4. Project Management Involved in the Entire Process
Most of us have been to a restaurant or retail store and had a bad experience with an employee. You might have then engaged with the manager of that particular employee, and to no surprise of your own, come to understand why that worker was the way they were. A company's involvement by the leadership in setting the standards for excellence makes a huge difference. On the counter to this, company culture and procedures can be done with excellence with the right leadership.
You will want to make sure that the management structure is set up in such a way that checks and balances are implemented on a regular basis.
You will want to make sure that the management structure is set up in such a way that checks and balances are implemented on a regular basis. Does the supplier have a project management system that ties all of the departments and work flow together. Be sure to ask about how they implement their work flow management and how often management is reviewing and signing off on the project every step along the way. A management staff that is engaged every step of the way shows that they actually care to get it right, and quality and efficiency are a priority to them.
5. Knowledgeable People
Having experts in their field of work are important for a successful business to run smoothly. Make sure to meet with the management person at each department. You'll want to ask them questions specific to their job to see how each of them respond. Do they respond directly, clearly, and with intent? Or do they dodge the question and maybe not know something that they should? If you are speaking with the production manager, be sure to ask them questions specific to their position. Maybe a good question would be pertaining to their procedure for when they first get the project. What information do they receive at the start? Is it enough to see them through completion? And from whom does that information come? Maybe a question for the quality manager relates to how they go about inspecting parts. What protocol do they follow for ensuring that the components they have are correct? Ask to take a look at some examples of inspection reports for existing projects that they are currently running. Remember, don't be timid in fully vetting your potential supplier. They might very well be your company's ticket to success or hardship.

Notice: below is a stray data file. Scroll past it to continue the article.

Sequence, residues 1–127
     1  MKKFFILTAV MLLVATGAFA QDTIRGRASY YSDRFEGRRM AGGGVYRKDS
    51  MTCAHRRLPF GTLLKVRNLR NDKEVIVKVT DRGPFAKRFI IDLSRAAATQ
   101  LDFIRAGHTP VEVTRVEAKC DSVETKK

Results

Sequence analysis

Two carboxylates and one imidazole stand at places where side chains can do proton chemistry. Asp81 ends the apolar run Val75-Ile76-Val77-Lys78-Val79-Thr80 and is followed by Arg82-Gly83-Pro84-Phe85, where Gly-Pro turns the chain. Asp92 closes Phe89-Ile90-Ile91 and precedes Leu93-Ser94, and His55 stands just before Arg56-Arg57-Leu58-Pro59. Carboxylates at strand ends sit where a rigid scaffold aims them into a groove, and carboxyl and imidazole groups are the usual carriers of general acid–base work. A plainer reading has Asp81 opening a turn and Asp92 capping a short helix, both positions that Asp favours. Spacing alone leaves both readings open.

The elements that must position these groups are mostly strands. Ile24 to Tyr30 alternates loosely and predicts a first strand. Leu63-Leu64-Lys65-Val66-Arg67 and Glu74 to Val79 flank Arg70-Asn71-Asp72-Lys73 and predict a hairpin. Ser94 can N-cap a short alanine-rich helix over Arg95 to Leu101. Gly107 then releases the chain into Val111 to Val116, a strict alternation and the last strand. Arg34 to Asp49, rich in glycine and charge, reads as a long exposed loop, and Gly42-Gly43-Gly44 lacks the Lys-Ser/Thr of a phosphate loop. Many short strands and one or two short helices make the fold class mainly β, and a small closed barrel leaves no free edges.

The supplier that you choose should have strong capabilities as well as solid procedures that everyone in the company understands and follows. They need to have varying capabilities, and be quality and efficiency oriented. You need to also verify that the people running the show are qualified and involved in the project all the way through until the end. If your company wants to focus on bigger picture plans then it is of the utmost importance to choose a supplier that will set your mind at ease. There is no way to absolutely know for sure that the supplier you choose will do a great job, but at least you can say that you did your due diligence via a thorough vetting process.